That's right, it's a new lesson. I've decided to continue on with this in order to maintain my own memory so it doesn't go to crap. I make no guarantees about the next lesson though.
So this time, now that we've gone over katakana and pronunciations, we're moving on to hiragana, and we'll also be covering a little basic vocabulary while we're at it. So, tsutzukemashou (let's continue)!
Since I already covered how to get Japanese on Windows in the first lesson, please check that lesson
if you still can't read or write Japanese characters on your OS.
This is the simplest character set used to write basic words in Japanese. Unlike katakana, hiragana is used mostly for native Japanese words. Although Japanese has adapted a kanji system for writing many nouns and verbs, there are still things that can only be written in hiragana, such as particles (we'll get to those later) and verb conjugations.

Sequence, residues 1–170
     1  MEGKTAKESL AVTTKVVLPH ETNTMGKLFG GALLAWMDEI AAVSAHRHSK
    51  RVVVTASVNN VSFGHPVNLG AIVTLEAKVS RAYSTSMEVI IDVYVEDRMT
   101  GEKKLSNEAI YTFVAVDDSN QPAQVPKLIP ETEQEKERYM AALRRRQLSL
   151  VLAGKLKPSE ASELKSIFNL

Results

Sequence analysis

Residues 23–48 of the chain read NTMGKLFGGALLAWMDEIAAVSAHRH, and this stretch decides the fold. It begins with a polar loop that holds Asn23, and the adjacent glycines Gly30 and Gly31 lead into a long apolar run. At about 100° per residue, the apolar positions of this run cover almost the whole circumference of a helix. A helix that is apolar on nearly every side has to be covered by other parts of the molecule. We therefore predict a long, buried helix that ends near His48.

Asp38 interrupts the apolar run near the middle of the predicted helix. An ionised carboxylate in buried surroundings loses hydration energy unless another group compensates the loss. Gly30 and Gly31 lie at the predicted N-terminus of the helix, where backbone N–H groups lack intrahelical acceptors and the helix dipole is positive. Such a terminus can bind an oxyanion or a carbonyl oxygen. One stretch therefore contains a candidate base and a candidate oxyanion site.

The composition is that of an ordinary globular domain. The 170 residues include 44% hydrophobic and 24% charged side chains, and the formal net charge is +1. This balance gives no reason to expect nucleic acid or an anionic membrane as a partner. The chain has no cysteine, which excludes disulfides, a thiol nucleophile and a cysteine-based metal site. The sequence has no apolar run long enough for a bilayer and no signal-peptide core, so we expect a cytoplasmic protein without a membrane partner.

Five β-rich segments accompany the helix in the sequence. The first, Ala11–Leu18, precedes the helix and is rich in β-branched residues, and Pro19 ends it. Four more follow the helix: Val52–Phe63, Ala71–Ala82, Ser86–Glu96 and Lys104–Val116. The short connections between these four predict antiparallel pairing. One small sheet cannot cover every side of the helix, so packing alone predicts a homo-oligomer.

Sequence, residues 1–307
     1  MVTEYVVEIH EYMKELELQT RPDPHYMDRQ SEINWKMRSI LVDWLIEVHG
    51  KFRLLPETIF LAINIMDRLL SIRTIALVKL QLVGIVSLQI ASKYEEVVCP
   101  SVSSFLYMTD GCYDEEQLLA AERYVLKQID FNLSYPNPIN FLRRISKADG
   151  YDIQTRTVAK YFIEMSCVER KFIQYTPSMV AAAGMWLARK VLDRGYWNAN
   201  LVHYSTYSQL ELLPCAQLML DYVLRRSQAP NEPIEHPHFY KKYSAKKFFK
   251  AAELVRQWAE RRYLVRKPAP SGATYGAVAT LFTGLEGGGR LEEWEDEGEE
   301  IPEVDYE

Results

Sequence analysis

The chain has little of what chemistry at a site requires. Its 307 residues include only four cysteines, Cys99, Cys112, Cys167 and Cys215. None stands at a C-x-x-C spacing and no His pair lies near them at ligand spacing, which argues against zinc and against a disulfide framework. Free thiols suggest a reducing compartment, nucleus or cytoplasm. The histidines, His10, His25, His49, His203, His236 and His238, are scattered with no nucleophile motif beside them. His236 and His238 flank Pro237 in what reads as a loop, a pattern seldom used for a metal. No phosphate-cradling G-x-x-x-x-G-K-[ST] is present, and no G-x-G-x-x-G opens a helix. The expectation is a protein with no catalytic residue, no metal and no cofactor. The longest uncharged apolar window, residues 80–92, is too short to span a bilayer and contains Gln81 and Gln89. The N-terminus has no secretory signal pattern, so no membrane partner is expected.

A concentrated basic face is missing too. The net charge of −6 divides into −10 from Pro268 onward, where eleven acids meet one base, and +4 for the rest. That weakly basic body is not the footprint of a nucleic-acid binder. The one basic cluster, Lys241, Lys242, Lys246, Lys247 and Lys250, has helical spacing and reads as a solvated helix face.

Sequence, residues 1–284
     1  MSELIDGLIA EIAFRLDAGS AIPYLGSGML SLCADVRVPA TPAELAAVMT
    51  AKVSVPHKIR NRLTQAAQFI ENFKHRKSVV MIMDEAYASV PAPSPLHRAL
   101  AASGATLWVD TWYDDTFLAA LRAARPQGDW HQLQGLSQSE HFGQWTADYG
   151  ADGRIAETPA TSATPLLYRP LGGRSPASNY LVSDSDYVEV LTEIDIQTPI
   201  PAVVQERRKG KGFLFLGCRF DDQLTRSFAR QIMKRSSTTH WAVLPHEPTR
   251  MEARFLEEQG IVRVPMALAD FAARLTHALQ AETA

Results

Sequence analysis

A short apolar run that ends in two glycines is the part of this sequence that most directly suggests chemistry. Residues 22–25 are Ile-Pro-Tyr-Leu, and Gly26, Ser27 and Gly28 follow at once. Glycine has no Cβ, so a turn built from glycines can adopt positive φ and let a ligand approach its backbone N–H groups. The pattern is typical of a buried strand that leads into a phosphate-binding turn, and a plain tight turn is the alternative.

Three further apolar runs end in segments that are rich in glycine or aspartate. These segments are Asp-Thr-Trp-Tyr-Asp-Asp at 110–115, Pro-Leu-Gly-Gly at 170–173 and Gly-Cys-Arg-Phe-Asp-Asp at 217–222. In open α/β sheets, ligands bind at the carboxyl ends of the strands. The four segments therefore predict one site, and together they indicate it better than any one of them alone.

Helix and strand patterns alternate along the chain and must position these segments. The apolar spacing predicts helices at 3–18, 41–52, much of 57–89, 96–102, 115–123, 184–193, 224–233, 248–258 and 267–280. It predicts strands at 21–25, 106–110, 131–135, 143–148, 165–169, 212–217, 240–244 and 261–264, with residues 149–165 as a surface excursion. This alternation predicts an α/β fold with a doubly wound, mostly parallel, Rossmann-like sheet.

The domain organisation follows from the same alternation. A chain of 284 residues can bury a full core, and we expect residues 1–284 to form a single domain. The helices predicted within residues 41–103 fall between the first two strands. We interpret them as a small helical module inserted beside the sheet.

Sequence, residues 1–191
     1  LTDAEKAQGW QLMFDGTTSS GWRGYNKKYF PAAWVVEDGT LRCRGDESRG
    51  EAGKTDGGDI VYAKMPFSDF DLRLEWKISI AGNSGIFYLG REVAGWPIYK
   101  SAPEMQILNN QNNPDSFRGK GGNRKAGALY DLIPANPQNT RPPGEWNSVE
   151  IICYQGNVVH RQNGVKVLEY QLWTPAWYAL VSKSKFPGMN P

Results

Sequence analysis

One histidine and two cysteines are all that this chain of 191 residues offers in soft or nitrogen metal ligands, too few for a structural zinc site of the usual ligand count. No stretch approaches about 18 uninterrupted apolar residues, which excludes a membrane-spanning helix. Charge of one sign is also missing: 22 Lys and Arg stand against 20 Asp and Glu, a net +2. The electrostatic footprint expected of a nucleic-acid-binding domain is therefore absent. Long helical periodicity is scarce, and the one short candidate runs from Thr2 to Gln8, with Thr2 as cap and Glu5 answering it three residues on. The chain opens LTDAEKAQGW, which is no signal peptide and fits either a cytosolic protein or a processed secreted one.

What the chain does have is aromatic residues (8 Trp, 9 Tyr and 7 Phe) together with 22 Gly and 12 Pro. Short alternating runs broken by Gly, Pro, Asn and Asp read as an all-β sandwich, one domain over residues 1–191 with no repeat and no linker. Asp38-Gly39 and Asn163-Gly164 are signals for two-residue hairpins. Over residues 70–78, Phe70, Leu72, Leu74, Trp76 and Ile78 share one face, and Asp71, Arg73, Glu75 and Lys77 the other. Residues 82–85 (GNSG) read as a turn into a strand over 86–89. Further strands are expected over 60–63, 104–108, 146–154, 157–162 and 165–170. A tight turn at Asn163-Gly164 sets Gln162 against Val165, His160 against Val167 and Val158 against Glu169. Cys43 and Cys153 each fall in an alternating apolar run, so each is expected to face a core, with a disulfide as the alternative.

Pronouncing hiragana is pretty much the same as katakana. So we'll skip the specifics here. Here are the basic characters:
あa いi うu えe おo
＊かka きki くku けke こko
＊さsa しshi すsu せse そso
＊たta ちchi つtsu てte とto
＊はha ひhi ふfu へhe ほho
まma みmi むmu めme もmo
なna にni ぬnu ねne のno
らra りri るru れre ろro
やya ゆyu よyo
Just like with katakana, placing two dots in the upper right corner of some characters (I've marked these with a *star) changes the sound slightly, and with はひふへほ, placing a circle in the upper right gives another alternate 'p' sound. There's no need to worry about foreign sounds like 'l', 'v', and 'th' this time because we're dealing mainly with Japanese words.
So, did you get it? Here are ten basic nouns in hiragana:
きっさてん COFFEE SHOP
Next time, we'll use these to write basic phrases, greetings and the like.